It's easy to build, easy to control, easy to put up and take down. It tolerated gusts well and can be tuned for really light winds also.
I use an aluminum sign as a leeboard and steer with a paddle.
If you don't have a canoe yet, try these complete plans for an outrigger sailing canoe.
action photos by Star
Step 1: The Sail
It's heavier material than such tarps are usually made these days.
Polytarp is a fabric woven from strips of polypropylene that's then heat-laminated to a sheet of polyethylene.
Each side and corner of the sail has a traditional name.
The sides are called Foot = bottom, Head = top, Luff = front, Leech= trailing edge.
The corners are called. Peak , Throat , Clew, and Tack.
The Leech and Foot are the original edges of the tarp. That saves some sewing.
The other edges are cut, folded over and sewed.
Sometimes I'll put a "bolt rope" cord inside for extra strength.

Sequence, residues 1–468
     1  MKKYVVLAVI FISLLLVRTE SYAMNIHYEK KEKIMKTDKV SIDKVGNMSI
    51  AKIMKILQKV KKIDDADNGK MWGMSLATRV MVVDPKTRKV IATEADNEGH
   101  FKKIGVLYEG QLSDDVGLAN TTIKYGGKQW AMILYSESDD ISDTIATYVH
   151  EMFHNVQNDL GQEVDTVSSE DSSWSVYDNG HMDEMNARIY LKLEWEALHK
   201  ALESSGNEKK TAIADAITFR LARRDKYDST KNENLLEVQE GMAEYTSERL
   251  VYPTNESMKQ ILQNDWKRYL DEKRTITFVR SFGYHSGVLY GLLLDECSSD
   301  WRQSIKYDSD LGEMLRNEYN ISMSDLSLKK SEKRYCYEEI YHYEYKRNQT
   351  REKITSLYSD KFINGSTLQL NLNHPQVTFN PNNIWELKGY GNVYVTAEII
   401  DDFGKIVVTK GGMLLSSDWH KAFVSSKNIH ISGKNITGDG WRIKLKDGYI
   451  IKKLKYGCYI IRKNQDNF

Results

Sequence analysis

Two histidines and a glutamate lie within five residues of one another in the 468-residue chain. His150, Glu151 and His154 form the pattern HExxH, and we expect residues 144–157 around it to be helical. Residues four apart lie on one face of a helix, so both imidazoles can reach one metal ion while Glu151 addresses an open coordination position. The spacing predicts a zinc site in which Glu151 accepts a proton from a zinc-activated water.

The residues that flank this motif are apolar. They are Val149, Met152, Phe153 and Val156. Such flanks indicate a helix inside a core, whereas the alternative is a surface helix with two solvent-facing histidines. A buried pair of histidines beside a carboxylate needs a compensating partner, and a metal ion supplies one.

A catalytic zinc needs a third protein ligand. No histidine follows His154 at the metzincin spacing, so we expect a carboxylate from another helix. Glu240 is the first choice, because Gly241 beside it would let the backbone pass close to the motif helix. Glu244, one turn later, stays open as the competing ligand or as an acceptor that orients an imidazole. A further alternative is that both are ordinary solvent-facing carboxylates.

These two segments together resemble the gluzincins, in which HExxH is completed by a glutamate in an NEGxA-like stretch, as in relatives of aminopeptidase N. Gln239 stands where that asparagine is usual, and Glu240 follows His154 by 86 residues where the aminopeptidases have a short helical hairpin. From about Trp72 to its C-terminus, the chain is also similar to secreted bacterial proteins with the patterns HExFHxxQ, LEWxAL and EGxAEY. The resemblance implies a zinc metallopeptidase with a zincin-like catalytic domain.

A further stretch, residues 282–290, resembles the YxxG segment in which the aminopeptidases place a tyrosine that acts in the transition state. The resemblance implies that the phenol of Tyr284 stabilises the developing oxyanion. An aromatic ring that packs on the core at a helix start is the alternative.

I used a regular home sewing machine with the thickest needles I could find for it.
Here are the dimensions of the sail:
throat to leech distance: 55"
This sail is made for a mast that rakes backward at a 15 degree angle.
If your mast is vertical you you should use the other sail drawing, or your clew will be too high. The leeboard stays in the same place but the mast partner is moved a few inches back.
I reduced that version of the sail to 5 sq. meters, which wise Canadians have decreed is the perfect size for a canoe sail.